But before the family would have eaten, Thomas would have lead his wife and children through a brief study of the Bible, a "devotion" and a prayer.
"The Puritans viewed the male head of the household as the one Biblically responsible for commanding and instructing the family in the way of the Lord. Historians of New England agree on the prevalence of this pattern in the 17th century.
According to the standard work on this subject: "Every morning immediately upon rising and every evening before retiring a good Puritan father led his household in prayer, in scriptural reading, and in singing of psalms"

New England Puritans, like their counterparts in England and Scotland, did not view family worship as a rival to congregational worship, but rather as its complement: "Domestic instruction and worship was considered indispensable to the success of the weekly services in the church, for religion was too important a matter to be left to weekly lessons"
Historians also have observed that the Puritan family was expected not only to be a little church but a little school, and a little commonwealth. One of the leading new historians of the period affirms that "The family was regarded as a religious society with the obligations of group Scripture reading, prayer, and catechizing... Within the family the husband was without question the master. He was prince and teacher, pastor and judge in his household" (Francis J. Bremer, The Puritan Experiment, p. 177). "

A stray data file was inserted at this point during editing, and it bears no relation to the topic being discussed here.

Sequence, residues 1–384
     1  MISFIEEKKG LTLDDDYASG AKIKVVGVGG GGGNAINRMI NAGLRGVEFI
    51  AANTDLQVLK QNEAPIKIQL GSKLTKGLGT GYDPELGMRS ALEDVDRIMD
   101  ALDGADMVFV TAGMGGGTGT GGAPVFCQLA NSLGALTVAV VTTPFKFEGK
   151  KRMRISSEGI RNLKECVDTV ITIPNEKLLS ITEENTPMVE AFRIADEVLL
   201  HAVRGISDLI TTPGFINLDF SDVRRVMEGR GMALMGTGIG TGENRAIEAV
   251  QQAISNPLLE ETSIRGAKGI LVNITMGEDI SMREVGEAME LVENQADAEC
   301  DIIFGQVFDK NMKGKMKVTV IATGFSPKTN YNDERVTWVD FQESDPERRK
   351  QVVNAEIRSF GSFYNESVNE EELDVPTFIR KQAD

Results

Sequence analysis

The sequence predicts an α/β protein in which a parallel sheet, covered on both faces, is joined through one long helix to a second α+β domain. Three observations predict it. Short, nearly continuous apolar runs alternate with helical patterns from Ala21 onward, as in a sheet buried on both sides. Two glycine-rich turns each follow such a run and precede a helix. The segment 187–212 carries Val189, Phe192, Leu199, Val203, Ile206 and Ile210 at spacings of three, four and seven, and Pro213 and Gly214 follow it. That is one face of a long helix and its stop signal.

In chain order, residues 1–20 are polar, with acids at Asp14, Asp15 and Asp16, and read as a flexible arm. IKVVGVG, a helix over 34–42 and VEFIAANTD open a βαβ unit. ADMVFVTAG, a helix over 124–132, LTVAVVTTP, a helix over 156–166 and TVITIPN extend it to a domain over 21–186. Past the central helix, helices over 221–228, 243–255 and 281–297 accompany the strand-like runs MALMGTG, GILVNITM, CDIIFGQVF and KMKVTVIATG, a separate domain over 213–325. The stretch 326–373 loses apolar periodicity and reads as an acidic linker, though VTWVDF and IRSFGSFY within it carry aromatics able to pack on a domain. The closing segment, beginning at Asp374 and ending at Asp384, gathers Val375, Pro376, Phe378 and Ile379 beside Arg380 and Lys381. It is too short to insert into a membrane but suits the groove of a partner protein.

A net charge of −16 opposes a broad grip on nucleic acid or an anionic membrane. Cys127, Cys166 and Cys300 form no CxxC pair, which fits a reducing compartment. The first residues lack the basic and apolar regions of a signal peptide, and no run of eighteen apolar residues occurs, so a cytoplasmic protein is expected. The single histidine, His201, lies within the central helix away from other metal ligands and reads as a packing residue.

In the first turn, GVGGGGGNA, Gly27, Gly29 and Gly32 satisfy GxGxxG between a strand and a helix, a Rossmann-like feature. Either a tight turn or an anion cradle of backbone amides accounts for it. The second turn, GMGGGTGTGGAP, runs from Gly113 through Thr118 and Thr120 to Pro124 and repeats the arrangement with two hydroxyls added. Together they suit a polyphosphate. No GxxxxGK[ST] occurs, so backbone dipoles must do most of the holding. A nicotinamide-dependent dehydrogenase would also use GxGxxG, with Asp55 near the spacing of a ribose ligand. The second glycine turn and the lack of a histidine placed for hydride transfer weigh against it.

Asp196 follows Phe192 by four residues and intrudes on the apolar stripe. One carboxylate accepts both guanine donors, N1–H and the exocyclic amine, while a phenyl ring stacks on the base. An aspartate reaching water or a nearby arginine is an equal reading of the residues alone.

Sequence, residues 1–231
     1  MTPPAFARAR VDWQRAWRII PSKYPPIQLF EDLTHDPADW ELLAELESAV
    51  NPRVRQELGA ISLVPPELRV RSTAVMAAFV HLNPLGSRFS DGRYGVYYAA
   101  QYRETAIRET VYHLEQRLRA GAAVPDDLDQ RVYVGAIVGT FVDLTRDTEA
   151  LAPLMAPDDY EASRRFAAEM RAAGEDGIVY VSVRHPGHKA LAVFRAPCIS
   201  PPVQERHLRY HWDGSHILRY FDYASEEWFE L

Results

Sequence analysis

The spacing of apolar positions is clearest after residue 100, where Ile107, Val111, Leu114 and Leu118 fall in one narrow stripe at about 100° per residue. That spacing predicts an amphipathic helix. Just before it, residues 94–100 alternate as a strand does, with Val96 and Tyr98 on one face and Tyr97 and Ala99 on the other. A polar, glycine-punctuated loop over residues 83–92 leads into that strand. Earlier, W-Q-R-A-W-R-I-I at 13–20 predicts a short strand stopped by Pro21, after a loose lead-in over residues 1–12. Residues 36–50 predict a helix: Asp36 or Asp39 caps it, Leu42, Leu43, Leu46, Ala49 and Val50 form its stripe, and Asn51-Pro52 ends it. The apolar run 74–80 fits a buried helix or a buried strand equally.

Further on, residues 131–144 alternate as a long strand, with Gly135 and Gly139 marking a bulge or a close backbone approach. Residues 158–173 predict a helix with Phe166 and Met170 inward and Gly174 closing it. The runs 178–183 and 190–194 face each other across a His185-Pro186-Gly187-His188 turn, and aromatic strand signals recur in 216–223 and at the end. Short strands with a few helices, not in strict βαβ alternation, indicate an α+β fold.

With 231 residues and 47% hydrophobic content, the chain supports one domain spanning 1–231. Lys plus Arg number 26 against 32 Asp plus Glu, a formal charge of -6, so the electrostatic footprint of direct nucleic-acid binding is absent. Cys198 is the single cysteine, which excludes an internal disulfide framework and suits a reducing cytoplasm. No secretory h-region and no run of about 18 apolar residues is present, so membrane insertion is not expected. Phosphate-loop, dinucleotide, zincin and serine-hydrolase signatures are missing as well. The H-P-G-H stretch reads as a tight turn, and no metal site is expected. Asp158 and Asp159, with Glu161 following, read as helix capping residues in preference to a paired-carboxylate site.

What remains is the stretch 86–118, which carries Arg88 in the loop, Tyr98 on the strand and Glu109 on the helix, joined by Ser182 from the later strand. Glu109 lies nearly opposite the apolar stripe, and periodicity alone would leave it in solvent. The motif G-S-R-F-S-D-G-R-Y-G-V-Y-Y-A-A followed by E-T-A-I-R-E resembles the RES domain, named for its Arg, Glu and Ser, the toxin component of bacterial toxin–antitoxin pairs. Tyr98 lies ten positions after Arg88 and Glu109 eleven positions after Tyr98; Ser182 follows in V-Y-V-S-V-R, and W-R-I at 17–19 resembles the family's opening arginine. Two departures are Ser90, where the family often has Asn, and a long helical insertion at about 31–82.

A sample of a morning prayer, from a collection of prayers used as by the Puritans as a model, was as follows:
Almighty God, as I cross the threshold of this day I commit myself, soul, body, affairs, friends, to Thy care. Watch over, keep, guide, direct, sanctify, bless me. Incline my heart to thy ways. Mould me wholly into the image of Jesus, as a potter forms clay. May my lips be a well-tuned harp to sound Thy praise.
Let those around see me living by Thy Spirit, trampling the world underfoot, unconformed to lying vanities, transformed by a renewed mind, clad in the entire armour of God, shining as a never-dimmed light, showing holiness in all my doings. Let no evil this day soil my thoughts, words, hands. May I travel miry paths with a life pure from spot or stain.
In needful transactions let my affection be in heaven, and my love soar upwards in flames of fire, my gaze fixed on unseen things, my eyes open to the emptiness, fragility, mockery of earth and its vanities. May I view all things in the mirror of eternity, waiting for the coming of my Lord, listening for the last trumpet call, hastening unto the new heaven and earth.